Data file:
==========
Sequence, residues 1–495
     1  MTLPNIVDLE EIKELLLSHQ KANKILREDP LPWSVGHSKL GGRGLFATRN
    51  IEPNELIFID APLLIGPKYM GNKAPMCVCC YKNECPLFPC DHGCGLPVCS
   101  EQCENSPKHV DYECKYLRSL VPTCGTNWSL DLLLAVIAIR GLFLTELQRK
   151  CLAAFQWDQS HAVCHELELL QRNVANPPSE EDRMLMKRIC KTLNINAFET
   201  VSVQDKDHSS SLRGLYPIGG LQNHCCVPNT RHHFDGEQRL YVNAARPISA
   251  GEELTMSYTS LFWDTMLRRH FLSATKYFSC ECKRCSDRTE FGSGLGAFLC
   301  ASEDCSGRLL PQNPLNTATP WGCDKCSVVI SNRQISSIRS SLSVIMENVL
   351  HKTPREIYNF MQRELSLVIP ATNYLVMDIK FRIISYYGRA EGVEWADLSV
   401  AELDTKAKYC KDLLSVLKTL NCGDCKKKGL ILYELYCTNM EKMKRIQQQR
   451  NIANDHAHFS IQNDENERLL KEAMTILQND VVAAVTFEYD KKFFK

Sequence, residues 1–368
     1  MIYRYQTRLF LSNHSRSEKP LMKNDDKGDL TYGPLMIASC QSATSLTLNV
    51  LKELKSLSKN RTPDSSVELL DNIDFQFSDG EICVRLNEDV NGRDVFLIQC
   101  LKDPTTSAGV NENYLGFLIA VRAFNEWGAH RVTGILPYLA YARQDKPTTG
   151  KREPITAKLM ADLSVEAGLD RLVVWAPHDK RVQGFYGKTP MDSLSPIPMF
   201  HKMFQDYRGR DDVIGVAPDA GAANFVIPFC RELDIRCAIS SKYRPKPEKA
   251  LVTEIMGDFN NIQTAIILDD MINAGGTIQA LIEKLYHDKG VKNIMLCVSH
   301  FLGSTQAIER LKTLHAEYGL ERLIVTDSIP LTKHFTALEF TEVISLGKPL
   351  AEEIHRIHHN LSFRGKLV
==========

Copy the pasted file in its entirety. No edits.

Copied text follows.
Sequence, residues 1–495
     1  MTLPNIVDLE EIKELLLSHQ KANKILREDP LPWSVGHSKL GGRGLFATRN
    51  IEPNELIFID APLLIGPKYM GNKAPMCVCC YKNECPLFPC DHGCGLPVCS
   101  EQCENSPKHV DYECKYLRSL VPTCGTNWSL DLLLAVIAIR GLFLTELQRK
   151  CLAAFQWDQS HAVCHELELL QRNVANPPSE EDRMLMKRIC KTLNINAFET
   201  VSVQDKDHSS SLRGLYPIGG LQNHCCVPNT RHHFDGEQRL YVNAARPISA
   251  GEELTMSYTS LFWDTMLRRH FLSATKYFSC ECKRCSDRTE FGSGLGAFLC
   301  ASEDCSGRLL PQNPLNTATP WGCDKCSVVI SNRQISSIRS SLSVIMENVL
   351  HKTPREIYNF MQRELSLVIP ATNYLVMDIK FRIISYYGRA EGVEWADLSV
   401  AELDTKAKYC KDLLSVLKTL NCGDCKKKGL ILYELYCTNM EKMKRIQQQR
   451  NIANDHAHFS IQNDENERLL KEAMTILQND VVAAVTFEYD KKFFK

Sequence, residues 1–368
     1  MIYRYQTRLF LSNHSRSEKP LMKNDDKGDL TYGPLMIASC QSATSLTLNV
    51  LKELKSLSKN RTPDSSVELL DNIDFQFSDG EICVRLNEDV NGRDVFLIQC
   101  LKDPTTSAGV NENYLGFLIA VRAFNEWGAH RVTGILPYLA YARQDKPTTG
   151  KREPITAKLM ADLSVEAGLD RLVVWAPHDK RVQGFYGKTP MDSLSPIPMF
   201  HKMFQDYRGR DDVIGVAPDA GAANFVIPFC RELDIRCAIS SKYRPKPEKA
   251  LVTEIMGDFN NIQTAIILDD MINAGGTIQA LIEKLYHDKG VKNIMLCVSH
   301  FLGSTQAIER LKTLHAEYGL ERLIVTDSIP LTKHFTALEF TEVISLGKPL
   351  AEEIHRIHHN LSFRGKLV